On the day we celebrate the 800th anniversary of Magna Carta, leave it to the New York Times to feature a boxed op-ed on its editorial pages entitled “Stop Revering Magna Carta.” As the only bow to the occasion on those pages, one imagines that the editors could not be bothered even to write a house editorial on the subject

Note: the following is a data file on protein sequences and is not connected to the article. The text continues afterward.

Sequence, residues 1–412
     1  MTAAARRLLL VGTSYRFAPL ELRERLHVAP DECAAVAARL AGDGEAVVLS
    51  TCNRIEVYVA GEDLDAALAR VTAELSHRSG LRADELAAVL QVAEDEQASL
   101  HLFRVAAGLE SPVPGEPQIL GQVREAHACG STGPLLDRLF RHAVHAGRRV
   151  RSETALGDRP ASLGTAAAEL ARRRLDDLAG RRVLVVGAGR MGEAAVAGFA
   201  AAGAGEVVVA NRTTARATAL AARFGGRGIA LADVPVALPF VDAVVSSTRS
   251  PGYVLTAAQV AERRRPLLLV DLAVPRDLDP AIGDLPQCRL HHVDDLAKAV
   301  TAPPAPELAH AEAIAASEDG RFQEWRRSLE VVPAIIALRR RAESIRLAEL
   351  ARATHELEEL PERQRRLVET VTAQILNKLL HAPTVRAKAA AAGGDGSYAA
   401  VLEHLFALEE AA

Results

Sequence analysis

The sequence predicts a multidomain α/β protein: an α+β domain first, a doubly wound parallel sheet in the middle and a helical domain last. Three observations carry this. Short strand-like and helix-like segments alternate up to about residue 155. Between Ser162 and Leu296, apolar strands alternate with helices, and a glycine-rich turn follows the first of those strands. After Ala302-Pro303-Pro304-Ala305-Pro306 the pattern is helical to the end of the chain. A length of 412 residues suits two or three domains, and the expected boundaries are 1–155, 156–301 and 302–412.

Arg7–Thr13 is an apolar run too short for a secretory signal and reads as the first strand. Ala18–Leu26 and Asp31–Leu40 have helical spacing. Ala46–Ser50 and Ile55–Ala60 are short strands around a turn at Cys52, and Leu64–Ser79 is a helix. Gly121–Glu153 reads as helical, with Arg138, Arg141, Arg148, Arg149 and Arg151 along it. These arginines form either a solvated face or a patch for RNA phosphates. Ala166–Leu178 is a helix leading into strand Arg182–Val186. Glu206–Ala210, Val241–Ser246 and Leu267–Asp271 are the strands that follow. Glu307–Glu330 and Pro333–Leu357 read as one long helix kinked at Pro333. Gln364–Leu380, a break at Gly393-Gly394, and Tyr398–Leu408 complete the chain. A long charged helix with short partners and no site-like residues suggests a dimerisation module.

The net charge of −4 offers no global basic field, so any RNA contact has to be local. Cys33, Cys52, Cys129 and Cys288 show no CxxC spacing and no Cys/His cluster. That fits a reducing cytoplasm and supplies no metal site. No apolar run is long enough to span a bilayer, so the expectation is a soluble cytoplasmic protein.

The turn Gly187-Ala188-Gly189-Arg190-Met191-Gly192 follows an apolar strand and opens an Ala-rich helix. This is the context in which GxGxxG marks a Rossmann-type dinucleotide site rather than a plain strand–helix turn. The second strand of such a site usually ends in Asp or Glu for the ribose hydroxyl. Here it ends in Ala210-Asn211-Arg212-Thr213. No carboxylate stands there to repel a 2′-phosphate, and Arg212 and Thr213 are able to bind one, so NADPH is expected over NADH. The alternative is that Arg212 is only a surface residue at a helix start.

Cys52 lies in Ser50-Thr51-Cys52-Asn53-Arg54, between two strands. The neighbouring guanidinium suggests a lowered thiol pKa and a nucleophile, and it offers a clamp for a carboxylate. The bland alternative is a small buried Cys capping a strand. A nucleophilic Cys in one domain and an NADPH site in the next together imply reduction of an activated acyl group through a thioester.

The piece is written by one Tom Ginsburg, professor of international law and political science at the University of Chicago, an institution with which I have some acquaintance. As suggested by its title, this is a work of deconstruction. The Charter’s fame, you see, “rests on several myths.” Indeed, “like the Holy Grail,” Ginsburg concludes, “the myth of Magna Carta seems to matter more than the reality.” And well it should. After all, history rarely springs forth in principled perfection. At best it grows one fractured event at a time, each event gradually becoming the narrative mythology of a people.